In order to create a predictive inserting environment, two things must happen. First, you must gain control of the print stream. In the past, this was a difficult challenge; document composition systems were either homegrown applications written in COBOL or other business languages, and even the best "store bought" composition engines composed pages, not completed documents. This presented a challenge that was often difficult to overcome we often see customers who can tell us how many pages are in a given stack of documents and can sometimes tell us how many accounts are in the stack, but that's about it. And like Dr. Deming's exercise illustrates, unless you have control of the content of your print stream, it's difficult to create an environment where your operators and supervisors can achieve consistent results, day in and day out.

Fortunately, two solutions have emerged in recent years. Document composition engines have become aware of the challenges of physical production, and most leading engines offer the ability to optimize the output stream around the production process and, more importantly, can create a control file that describes the unique characteristics and processing instructions for each piece in the mailing. And for those that are committed to legacy systems, print stream engineering tools now exist that can query a print stream, optimize the stream for production and create a control file for each document in the stream. In either case, the result is the same you now have the information you need to drive your inserting environment with data, rather than to react to the data that drives the print environment.

Once you have control of your data, the next step is to upgrade your inserting environment to use the input file to drive one or more inserters on a network. The machine control barcodes, which traditionally contained processing instructions, simply become pointers to the data that describes the processing instructions for each mailpiece.

The advantages are twofold first, from a production perspective, you now have all of the information needed to know the absolute status of each and every mailpiece in your shop. The document is either waiting to be inserted, being inserted or has already been inserted. It's as simple as that, and the control benefits such a system offers in a high-integrity mailing environment are profound. You can do a system level "late pull" for documents that may have been printed but need to be held back from the mail. You can automate reprint handling and automatically regenerate documents that were damaged in production without manual intervention. Most importantly, you create a positive audit trail of every mailpiece that enters and leaves your shop.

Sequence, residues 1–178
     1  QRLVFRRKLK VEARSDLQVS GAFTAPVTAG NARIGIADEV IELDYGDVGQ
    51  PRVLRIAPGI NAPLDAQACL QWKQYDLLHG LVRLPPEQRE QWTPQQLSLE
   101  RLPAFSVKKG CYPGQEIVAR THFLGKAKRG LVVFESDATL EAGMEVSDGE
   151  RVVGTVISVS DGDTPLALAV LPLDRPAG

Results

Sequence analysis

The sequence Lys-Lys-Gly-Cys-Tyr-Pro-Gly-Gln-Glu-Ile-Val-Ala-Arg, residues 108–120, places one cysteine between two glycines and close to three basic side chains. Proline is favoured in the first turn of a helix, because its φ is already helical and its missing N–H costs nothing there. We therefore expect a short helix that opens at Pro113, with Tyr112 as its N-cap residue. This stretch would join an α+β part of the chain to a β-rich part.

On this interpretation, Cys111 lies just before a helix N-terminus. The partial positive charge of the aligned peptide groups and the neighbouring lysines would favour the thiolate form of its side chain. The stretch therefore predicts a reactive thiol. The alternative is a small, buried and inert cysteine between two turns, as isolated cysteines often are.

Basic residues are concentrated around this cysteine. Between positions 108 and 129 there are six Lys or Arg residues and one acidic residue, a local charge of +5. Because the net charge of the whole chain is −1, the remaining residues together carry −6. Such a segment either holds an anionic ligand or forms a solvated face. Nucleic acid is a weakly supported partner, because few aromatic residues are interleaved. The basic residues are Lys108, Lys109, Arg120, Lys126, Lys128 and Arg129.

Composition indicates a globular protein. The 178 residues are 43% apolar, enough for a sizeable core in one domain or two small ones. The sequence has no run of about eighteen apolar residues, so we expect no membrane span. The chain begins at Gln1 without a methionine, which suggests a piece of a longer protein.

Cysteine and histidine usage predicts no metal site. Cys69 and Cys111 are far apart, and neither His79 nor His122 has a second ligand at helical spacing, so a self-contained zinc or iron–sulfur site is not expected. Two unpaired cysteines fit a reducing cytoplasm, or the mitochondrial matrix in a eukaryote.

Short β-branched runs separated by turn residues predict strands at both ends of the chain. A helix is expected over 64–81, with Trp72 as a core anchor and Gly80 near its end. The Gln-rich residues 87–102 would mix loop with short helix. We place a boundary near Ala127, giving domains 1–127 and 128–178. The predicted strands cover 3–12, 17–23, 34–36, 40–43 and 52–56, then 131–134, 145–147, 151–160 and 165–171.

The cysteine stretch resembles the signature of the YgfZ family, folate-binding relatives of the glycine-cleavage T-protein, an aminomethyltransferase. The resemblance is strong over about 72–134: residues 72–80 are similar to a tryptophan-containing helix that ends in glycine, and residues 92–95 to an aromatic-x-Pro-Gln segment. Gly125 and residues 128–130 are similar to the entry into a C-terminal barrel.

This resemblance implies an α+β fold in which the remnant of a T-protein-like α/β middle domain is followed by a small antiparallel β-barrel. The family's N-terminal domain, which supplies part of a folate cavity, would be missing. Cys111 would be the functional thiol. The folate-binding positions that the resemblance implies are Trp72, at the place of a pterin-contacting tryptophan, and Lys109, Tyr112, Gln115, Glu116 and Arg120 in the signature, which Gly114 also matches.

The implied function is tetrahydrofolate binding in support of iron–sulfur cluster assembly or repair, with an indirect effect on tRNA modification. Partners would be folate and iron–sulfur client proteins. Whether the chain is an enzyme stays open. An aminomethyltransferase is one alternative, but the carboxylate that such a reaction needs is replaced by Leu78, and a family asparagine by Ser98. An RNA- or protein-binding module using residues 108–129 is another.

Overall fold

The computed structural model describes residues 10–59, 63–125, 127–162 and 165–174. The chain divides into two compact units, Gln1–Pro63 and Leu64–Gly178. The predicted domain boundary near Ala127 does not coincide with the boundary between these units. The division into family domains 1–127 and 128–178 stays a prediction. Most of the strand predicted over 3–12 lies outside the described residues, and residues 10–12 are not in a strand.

The second benefit of a data driven inserting environment is you can look across multiple print streams to drive job and mailpiece level scheduling and tracking systems as well as advanced reporting systems. This is a key benefit you can model production capacity, interact with other document centric systems such as manifest and postal validation engines and interface with enterprise level CRM systems. In short, the inserting operation becomes a data hub in the larger enterprise, and flexibility and control are enhanced beyond anything possible with a non-predictive system.

The Future Is Now

When an organization makes a commitment to deliver a document via First Class mail it's increasingly a choice, rather than the only method of customer communication. As transactional mail volumes decline due to pressures from alternate delivery channel, the work that remains has become increasingly valuable and quality requirements for that mail continue to rise. The result of this trend is the mail that is sent is increasingly valuable to the organization that makes a commitment to the resources needed to compose a document, commit it to paper and insert and apply postage to the finished mailpiece.

It's all about the data the only absolute way to measure the quality of your work is to know exactly what you were supposed to do, and then verify that you've actually done it. With predictive inserting you know just that, and you'll be rewarded with a level of quality, accuracy and consistency that will ensure that printed mail will remain a viable delivery channel now and in the future.

Peter Somu is principle and Jeff Sutton is consulting partner with Zen Systems, which has years of experience working with industry leaders. Contact the authors at contactus@zensys.com or by phone at 504-288-6202 or 908-369-0225.